xoxo

Cait and Jen

Podcast

Episode 71 – The Narrative Ish

Photo by Farzad Mohsenvand on Unsplash

Happy Sunday, loves.

We promise — the plot and time travel discussion is coming — we’re just chickens. Procrastinating chickens. This week, we’re talking about all the themes covered by the All Souls Trilogy — identity, family, love and trauma, redemption, the meaning of the epigraph, and on and on. While wrapping our brains around these huge topics, we’re also talking about redeeming antagonists, the price of responsibility, divinity, cosmic duologies, and even a little tiny bit of time travel. It’s a big, meaty episode, so dig in and let us know what you think by shooting us a message on Twitter, sending us an e-mail, or by joining our discussion group, the Chamomile & Clove Clovers on Facebook.

Download the episode here.





If you haven’t already, please leave us a rating or review on the podcast application of your choice! You can also support us via Patreon or by purchasing some C&C swag on Redbubble.

Keep your eyes peeled for our Time’s Convert reading schedule on Twitter and Facebook. Also, MARK YOUR CALENDARS for All Souls Con this October in Philadelphia, Pennsylvania. Next time, we PLOT.

xoxox

Cait and Jen

Podcast

Episode 70 – The List on the Seat of Our Pants, or, Our First Attempt to Talk About A Trilogy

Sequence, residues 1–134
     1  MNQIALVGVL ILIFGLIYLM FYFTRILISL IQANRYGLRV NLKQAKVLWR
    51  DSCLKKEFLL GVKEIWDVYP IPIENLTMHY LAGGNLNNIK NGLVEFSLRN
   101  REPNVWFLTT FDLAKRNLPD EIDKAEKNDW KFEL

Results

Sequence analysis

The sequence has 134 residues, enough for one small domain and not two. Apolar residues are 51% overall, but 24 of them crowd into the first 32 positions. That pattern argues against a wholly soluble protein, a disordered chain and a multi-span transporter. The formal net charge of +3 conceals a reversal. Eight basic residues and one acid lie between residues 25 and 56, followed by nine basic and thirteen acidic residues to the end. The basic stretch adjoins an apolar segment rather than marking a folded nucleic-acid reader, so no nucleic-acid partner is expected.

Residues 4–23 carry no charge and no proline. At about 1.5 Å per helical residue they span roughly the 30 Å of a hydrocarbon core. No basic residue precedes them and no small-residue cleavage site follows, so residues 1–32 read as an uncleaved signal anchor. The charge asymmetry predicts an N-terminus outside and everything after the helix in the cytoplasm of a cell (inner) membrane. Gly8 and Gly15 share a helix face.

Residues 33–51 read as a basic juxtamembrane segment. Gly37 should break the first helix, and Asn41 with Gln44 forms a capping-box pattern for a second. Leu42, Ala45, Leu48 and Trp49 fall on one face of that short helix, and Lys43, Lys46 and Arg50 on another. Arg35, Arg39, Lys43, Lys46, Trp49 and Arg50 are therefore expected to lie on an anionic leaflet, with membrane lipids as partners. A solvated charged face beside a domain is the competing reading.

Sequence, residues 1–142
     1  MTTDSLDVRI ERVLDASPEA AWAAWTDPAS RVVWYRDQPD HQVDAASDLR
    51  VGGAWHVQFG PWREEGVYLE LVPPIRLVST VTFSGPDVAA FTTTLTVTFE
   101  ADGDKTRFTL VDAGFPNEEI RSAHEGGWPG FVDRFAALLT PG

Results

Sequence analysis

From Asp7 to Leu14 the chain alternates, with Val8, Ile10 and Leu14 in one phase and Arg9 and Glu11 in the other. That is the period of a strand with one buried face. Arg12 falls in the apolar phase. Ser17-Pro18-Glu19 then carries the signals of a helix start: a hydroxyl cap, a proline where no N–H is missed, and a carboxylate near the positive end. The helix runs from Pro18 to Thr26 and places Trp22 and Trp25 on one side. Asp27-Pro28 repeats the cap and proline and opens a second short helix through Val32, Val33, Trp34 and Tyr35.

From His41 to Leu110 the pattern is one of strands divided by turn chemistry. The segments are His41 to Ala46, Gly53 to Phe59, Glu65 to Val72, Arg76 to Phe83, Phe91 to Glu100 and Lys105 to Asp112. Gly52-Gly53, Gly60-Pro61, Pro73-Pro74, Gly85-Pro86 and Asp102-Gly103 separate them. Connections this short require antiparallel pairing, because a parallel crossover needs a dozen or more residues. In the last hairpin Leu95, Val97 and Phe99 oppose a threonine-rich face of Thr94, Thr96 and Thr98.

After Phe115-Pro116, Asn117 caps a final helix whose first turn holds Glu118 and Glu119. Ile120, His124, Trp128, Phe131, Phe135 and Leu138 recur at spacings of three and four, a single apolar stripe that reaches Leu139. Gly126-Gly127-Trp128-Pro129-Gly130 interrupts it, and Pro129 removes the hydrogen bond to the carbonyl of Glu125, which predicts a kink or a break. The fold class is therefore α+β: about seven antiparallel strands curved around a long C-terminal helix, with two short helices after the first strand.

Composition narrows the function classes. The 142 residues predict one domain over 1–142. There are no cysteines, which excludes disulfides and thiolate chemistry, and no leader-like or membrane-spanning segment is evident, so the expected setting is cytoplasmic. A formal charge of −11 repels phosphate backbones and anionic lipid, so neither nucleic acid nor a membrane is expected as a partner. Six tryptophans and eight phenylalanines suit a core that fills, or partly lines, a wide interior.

Clovers,

How does one wrap up a trilogy? How does one pick up all of the threads of plot and character and all of the questions we asked in the dozens of episodes we asked in between the first cover and the last? You try your damned best and see what shakes out at the end. We made a list and we tried to follow it, y’all.

In this episode, we’re talking about character arcs, genre, antagonists, narration, fated mates, patriarchy, and women in fiction as they apply to the entire trilogy…. and we’re just getting started. Next time, it’s themes and motifs and maybe some time travel and… well, we’ll see how far we get.

Download the episode here.

Thank you SO much to all of you who participated in our giveaway with the All Souls Discussion Group! We’re so glad you enjoyed the prizes and can’t wait to collaborate with Deb’s team again, soon. If you have a minute, we’d love if you review us on iTunes or Google Play or Facebook or the pod-gatherer of your choice. You can also follow us on Twitter, become a member of our Facebook group, support us on Patreon, or buy our merch on Redbubble. If we’re not to your taste, we hope you’ll check out our friends Daemons Discuss, the All Souls Witchy Women, and the All Souls Pod!